Roald Dahl was one of the most inspirational children’s authors of the last century, yet we can’t stop tampering with his magic. Earlier this year, his publisher Puffin caused outrage by releasing expurgated versions of his books, removing words such as “fat” and “ugly”, and editing out a reference to Rudyard Kipling – all of which were deemed unpalatable to the modern child. (Who is presumably supposed to know that Kipling was an imperialist.)
Now come a film and its novelisation, both titled Wonka and telling the story of how Willy Wonka grew up to become the man we meet in Charlie and the Chocolate Factory, “the world’s greatest inventor, magician and chocolate-maker”. This time, if they pick up the novel, the sensitivity readers won’t find much to worry about.
In Dahl’s 1964 story, Wonka was a complex figure who showed little remorse when his chocolate river swallowed Augustus Gloop, or when his squirrels threw Veruca Salt down a rubbish chute. But in Wonka, by the accomplished children’s writer Sibéal Pounder, the emphasis is firmly on the hero’s nice character. We meet him as the dreamy child of a single mother, growing up on “the world’s smallest boat”: “Not many people would see their life as grand… but Willy Wonka did. He could see what others couldn’t because he had the most wonderful imagination.”
Fast-forward seven years, and the young Wonka arrives in a fictional city where, after giving away his sovereigns to those even poorer than himself, he tries to fulfil his lifelong dream of opening a chocolate shop. But can he overcome a cartel of villainous chocolatiers, with a chocoholic Chief of Police in their pay? (“We want you to send Wonka a MESSAGE… Backed up by physical force!”)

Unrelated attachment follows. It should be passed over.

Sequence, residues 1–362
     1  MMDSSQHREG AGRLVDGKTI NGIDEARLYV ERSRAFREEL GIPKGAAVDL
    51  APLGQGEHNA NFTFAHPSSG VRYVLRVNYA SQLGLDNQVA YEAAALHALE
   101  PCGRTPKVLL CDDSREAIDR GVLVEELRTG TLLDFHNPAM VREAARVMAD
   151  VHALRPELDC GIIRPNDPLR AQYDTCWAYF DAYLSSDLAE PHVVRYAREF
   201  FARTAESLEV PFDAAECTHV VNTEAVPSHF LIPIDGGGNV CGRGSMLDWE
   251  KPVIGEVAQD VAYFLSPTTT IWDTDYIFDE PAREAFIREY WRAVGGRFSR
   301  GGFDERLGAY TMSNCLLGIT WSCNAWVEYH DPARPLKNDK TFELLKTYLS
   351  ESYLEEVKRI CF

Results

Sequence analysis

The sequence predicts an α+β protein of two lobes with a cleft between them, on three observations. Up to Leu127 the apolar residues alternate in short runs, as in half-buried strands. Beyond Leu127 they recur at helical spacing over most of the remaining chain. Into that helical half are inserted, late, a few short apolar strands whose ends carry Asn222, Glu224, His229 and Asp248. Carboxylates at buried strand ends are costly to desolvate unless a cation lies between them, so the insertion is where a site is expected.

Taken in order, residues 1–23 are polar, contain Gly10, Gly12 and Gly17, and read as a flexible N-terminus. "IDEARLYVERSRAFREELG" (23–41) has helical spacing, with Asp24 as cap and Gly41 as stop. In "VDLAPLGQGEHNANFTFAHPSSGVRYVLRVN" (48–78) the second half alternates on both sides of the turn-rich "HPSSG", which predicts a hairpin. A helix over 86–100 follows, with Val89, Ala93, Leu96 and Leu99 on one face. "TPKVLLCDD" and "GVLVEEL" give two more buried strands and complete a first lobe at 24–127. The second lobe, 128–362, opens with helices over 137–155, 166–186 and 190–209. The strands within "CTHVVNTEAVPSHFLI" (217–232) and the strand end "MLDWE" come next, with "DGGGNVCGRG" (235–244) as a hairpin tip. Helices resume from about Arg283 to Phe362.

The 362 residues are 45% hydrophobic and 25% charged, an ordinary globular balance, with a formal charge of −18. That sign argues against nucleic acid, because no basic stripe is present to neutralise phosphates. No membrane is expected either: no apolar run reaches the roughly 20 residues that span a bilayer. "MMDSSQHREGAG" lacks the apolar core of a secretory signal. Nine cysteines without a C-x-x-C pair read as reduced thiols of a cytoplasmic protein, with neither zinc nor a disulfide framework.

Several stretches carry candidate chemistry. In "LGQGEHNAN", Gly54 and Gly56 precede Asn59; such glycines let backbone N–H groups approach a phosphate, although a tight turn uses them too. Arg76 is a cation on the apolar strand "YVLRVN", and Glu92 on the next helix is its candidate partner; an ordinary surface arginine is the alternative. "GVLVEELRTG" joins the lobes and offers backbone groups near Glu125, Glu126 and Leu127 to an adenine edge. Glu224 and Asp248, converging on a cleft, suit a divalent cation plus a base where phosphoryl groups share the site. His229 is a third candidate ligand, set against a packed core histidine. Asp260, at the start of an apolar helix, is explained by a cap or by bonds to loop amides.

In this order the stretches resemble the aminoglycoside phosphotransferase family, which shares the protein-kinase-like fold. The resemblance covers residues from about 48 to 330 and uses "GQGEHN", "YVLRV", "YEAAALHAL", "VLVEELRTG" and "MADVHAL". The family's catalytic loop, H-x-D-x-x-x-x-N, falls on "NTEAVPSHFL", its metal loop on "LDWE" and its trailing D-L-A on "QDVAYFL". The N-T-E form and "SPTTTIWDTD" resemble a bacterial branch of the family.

Dahl was an ingenious writer, whose combination of wild invention and emotional resonance has inspired countless imitators – many of whom fall flat. Pounder comes up with some deft Dahlesque touches – “Cockle warming is extra,” warns Wonka’s grotesque landlady Mrs Scrubitt, charging him for standing in front of the fire – and spins out the story as well as anyone might.
But the problem with Wonka is that it has no real author, for Pounder’s task was to create a novel out of the screenplay for the musical film, which was written by Simon Farnaby and Paul King. The result is a piece of slick, cinematic storytelling, in which you sense that everyone is about to burst into song. “Every good thing in this world started with a dream. So you hold on to yours. And when you do share your chocolate with the world, I’ll be right there beside you,”’ Wonka’s mother tells him, in the sort of dialogue that surely needs a musical score.
Young readers will find much to enjoy in Wonka: it’s a pacy adventure, told in Pounder’s reliably readable prose. But fans of Dahl’s original masterpiece will be left with the taste of slightly cheap chocolate.
Wonka is published by Puffin at £7.99. To order your copy, call 0844 871 1514 or visit Telegraph Books